“Hey-ho, rock ‘n’ roll, deliver me from nowhere.”

The van comes swerving toward me but misses the curb. The driver hits his horn, as if I hadn’t seen him—but where he’s from, they do things loud that way.

Squirrels scatter. Maintenance men stare. The wife rolls down her window and holds up a map. The husband leans across her lap to bark at me.

“Sir you know how t’gedteither of thesotels?”

I want to laugh at the sir. It’s not the gentle nicety of the Virginian, but the pained formality of a traveler in a foreign land. His question collapses by the end, but he doesn’t mean it to; he bites each word as it falls from his mouth, and he just gulps down too much.

“Watch wanna do is,” I begin, and then I poin him and his wife back thway they came, and tellm to make the firs right, and go awlway down, south on Cneticit, and make thright on Calvert—kyean missit.

“Jus likon’ map,” says the wife, enlightened.

“Jus likon’ map,” I agree.

No smiles, no thanks, not even eye contact—he’s on a mission, and his missions long ago became her missions—and the van spins around. They roll up their windows and roll down the street. Squinting at their license plate, I smile to see I was right.

You can’t go home; after a while, it’s foolish to try. But sometimes, if you’re lucky, you receive a surprise, something worth more than a picture: the old sownds of home awl come cawlin f’you.

“Between our quests, we sequin vests…”

Over at Unlocked Wordhoard, Scott Nokes has written a long and thoughtful post about why he’s taken his interest in medieval literature beyond the confines of the campus.

For those of you who don’t know Scott, he teaches medieval literature at Troy University. His very accessible, medieval-themed blog attracts not only academics but also writers, reenactors, gamers, students, fantasy authors, and pretty much anyone else who’s intrigued by medieval subjects.

If you’re interested in the relationship between academia and the rest of society, you should check out what Scott has to say. His suggestions for broadening the academic culture, and his ideas for encouraging “fanboys” to explore the scholarly side of the humanities, apply to many other fields as well.

Scott is also, I should state for the record, extremely hospitable—not like Egil Skallagrimson at all.

“…and a fire-dance through the night.”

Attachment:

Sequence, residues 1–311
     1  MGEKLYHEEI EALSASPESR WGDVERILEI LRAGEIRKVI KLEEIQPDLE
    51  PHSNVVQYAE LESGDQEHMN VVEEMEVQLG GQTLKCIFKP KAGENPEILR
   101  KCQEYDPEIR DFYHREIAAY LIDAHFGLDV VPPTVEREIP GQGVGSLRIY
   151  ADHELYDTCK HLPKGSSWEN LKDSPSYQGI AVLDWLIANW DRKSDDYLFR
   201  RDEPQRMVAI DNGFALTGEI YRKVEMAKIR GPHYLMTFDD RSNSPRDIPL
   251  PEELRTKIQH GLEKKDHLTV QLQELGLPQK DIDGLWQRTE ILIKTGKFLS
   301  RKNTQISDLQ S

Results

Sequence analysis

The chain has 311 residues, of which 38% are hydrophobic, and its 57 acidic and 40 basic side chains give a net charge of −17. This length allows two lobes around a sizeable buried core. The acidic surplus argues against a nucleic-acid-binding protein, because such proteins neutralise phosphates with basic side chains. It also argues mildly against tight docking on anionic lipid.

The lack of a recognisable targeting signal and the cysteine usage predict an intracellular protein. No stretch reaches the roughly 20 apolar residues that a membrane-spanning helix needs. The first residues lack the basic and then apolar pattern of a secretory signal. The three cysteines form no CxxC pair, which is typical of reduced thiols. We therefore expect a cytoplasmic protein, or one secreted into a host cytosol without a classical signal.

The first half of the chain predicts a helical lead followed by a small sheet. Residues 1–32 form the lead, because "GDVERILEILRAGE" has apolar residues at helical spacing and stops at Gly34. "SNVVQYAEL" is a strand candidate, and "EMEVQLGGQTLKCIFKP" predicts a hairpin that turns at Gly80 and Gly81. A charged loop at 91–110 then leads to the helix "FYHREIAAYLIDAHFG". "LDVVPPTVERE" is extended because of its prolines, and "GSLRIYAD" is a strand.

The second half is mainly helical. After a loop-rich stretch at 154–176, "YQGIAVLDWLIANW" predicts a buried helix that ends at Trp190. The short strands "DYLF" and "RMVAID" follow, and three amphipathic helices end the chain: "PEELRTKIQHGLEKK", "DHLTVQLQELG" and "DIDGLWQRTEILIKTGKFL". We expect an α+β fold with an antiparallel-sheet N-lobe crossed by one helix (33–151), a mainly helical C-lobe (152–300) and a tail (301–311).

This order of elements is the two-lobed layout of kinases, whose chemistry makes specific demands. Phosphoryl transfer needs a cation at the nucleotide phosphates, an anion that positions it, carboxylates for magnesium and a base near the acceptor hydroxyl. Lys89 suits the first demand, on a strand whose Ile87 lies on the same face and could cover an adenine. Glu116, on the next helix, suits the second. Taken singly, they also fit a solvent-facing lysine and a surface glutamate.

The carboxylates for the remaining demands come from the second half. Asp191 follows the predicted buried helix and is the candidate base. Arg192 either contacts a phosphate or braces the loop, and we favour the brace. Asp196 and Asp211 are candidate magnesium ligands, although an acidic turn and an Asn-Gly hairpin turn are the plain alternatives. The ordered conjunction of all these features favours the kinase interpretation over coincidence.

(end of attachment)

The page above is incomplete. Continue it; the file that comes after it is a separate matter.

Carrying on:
[Here’s the latest in an ongoing series of reviews of all of Lloyd Alexander’s non-Prydain books. To see all posts in this series, click on the “Lloyd Alexander” tag.]

Before he invented the kingdom of Prydain, Lloyd Alexander sought out Jewish heroes on the plains of antebellum Kansas. Published in 1958, six years before the debut of the Prydain series, Border Hawk: August Bondi was the second release from Covenant Books, an ambitious series offering “stories of Jewish men and women to inspire and instruct young people.” Based on Bondi’s own accounts, this fictionalized biography of the Vienna-born Kansas abolitionist was also Alexander’s first book for children. The frequent exclusion of Border Hawk from the author’s later biographical sketches makes sense, perhaps, for marketing reasons, but the book doesn’t deserve its obscurity. For those who know Lloyd Alexander only as a writer of fantasy, this little-known work is a pleasant surprise.

The opening pages of Border Hawk are packed with action, all of it unfolding in tight, economical prose. It’s 1848, and student revolutionaries face off with soldiers on the streets of imperial Vienna:

The drums beat wildly, the bugles blew the piercing notes of the attack. Anshl heard the heavy boots of the advancing soldiers. Desperately he tried to raise himself. Before he could move, he felt a bayonet rip into his back. Another soldier struck him on the head and shoulders with a musket butt. Amid the clouds of smoke hanging over the square, the students struggled against the battalion. Above the rattle of musket fire rose the screams of the wounded and the shouts of the battling students. The attack passed over Anshl. In spite of his pain, he managed to drag Hershel to a side street. Carefully he rested the wounded boy against a doorstep. He tore shirts into bandages and tried to revive his friend.

Nothing in that passage is stylistically remarkable, but its pacing is perfect. Never an indulgent writer, Alexander demonstrates how to put readers in the moment: by letting them imagine the details for themselves.